Daily traffic on the Internet surpassed 3 million packets in 1974. First measured in terabytes and petabytes, monthly traffic volume is now measured in exabytes, which is 1018 bytes. In 2017, the annual run rate for global IP traffic was 122 exabytes per month, or 1.5 zettabytes per year, according to Cisco’s Visual Networking Index. Annual global IP traffic will reach 396 exabytes per month, or 4.8 zettabytes per year, by 2022, Cisco predicts. As traffic volume has grown, so too has the number of devices connected to the internet. Today, the number of devices connected to IP networks is approaching 20 billion. By 2022, there will be 28.5 billion networked devices, up from 18 billion in 2017, Cisco predicts. That’s more than the number of people in the world. Overall, Cisco predicts there will be 3.6 networked devices per person by 2022, up from 2.4 in 2017. Today, smartphone traffic continues to grow and is poised to exceed PC traffic in the coming years. In 2018, PCs accounted for 41% of total IP traffic, but by 2022 PCs will account for only 19 percent of IP traffic, according to Cisco’s data. Smartphones will account for 44 percent of total IP traffic by 2022, up from 18% in 2017.
First, technical writing can help you communicate more easily with your teammates. If you’re collaborating with other software developers on a regular basis, you know the importance of exchanging ideas, ensuring you’re working for the same high-level goals, and solving problems together. Technical writing abilities help you formally structure these bits of communication so your coworkers can better understand them; with an efficiently written message, you can avoid most misconceptions and ultimately work faster. You can also use your technical writing abilities to communicate with out-groups more efficiently, especially if those groups have limited technical knowledge. Rather than using terms unique to the development field, or describing code directly, you’ll have to find high-level ways to describe the challenges you’re facing, or use metaphors so that other people can grasp what you’re saying. Either way, you’ll be more valuable in client meetings, and you’ll be able to talk to account managers and team leaders in other departments in a way that makes sense to them, while still conveying what you need to convey.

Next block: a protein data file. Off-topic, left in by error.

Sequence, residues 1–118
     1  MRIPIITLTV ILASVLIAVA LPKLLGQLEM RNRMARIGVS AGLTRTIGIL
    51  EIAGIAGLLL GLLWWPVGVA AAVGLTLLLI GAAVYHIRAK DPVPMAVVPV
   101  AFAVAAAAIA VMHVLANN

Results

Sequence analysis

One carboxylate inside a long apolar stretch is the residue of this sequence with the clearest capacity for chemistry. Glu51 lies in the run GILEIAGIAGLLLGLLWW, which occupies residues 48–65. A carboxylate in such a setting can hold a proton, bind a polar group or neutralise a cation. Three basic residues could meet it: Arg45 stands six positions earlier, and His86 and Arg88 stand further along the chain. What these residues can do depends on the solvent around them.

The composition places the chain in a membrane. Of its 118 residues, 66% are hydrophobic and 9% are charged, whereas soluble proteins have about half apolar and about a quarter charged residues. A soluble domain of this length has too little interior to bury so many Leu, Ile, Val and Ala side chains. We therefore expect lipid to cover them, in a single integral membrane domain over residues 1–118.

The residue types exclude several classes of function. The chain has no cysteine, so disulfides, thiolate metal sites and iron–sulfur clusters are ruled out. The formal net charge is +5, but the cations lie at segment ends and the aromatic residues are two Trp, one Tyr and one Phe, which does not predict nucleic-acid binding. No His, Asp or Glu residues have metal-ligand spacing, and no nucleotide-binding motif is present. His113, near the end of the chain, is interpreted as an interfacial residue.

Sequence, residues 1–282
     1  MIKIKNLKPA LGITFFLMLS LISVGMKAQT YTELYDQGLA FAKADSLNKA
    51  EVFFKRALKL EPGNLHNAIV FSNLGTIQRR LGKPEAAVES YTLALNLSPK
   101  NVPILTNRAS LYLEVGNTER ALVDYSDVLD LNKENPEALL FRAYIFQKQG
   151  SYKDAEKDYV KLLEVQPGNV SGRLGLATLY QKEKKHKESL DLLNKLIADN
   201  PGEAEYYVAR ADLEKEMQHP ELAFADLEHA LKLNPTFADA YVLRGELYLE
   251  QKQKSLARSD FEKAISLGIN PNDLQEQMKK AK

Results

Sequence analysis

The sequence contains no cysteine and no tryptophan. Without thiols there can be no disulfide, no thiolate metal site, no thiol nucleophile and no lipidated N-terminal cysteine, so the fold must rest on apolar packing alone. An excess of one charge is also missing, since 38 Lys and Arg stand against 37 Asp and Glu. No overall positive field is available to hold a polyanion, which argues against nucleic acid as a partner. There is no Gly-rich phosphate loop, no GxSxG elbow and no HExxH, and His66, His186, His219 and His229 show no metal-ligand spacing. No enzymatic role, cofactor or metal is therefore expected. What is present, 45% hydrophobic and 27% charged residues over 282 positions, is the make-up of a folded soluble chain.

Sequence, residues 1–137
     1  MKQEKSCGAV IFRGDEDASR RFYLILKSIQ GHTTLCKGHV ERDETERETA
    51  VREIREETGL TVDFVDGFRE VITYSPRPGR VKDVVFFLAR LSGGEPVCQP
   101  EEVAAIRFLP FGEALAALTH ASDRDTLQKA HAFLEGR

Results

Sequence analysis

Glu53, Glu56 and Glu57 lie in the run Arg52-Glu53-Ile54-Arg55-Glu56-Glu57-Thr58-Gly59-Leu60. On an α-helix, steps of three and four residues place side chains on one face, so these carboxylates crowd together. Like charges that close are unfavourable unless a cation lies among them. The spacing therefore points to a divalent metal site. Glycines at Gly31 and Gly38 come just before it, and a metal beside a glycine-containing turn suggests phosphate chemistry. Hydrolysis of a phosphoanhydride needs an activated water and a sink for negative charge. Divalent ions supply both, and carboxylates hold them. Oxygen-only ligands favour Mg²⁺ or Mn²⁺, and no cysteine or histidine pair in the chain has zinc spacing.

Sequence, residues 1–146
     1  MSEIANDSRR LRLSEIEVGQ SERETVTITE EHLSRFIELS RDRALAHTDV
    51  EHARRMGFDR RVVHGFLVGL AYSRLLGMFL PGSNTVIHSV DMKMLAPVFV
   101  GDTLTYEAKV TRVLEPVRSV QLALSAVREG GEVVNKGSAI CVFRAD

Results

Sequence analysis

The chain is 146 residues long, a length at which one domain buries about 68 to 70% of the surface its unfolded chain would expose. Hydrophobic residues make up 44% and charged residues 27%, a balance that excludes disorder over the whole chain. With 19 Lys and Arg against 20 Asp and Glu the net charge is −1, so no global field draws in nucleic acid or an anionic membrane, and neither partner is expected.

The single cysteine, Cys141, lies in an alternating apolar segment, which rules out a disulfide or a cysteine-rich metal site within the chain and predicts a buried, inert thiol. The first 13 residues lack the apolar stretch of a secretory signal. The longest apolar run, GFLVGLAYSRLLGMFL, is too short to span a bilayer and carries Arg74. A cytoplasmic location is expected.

The annual Stack Overflow survey is one of the most comprehensive snapshots of how programmers work, with this year's poll being taken by almost 90,000 developers across the globe. Commenting on the data, Robert Pozen, senior lecturer for technological innovation, entrepreneurship, and strategic Management at MIT Sloan School of Management, said although many "white-collar professionals" are content to work for longer than the standard 40-hour week, working hours can only be extended so far before it will negatively affect them. "Many professionals are quite happy working 40 to 55 hours per week," he says. "But if professionals work for 70 to 80 hours per week on a regular basis, their productivity will gradually deteriorate on average. They will lose focus, and the long work hours will undermine the rest of their lives. "Of course, professionals can have fruitful work spurts on projects they like or think are important. But that is the exception, rather than the rule." For developers, that fall in productivity is often mapped to an increase in poor quality and buggy code that will need to be fixed at some point, actually costing companies more in the long run.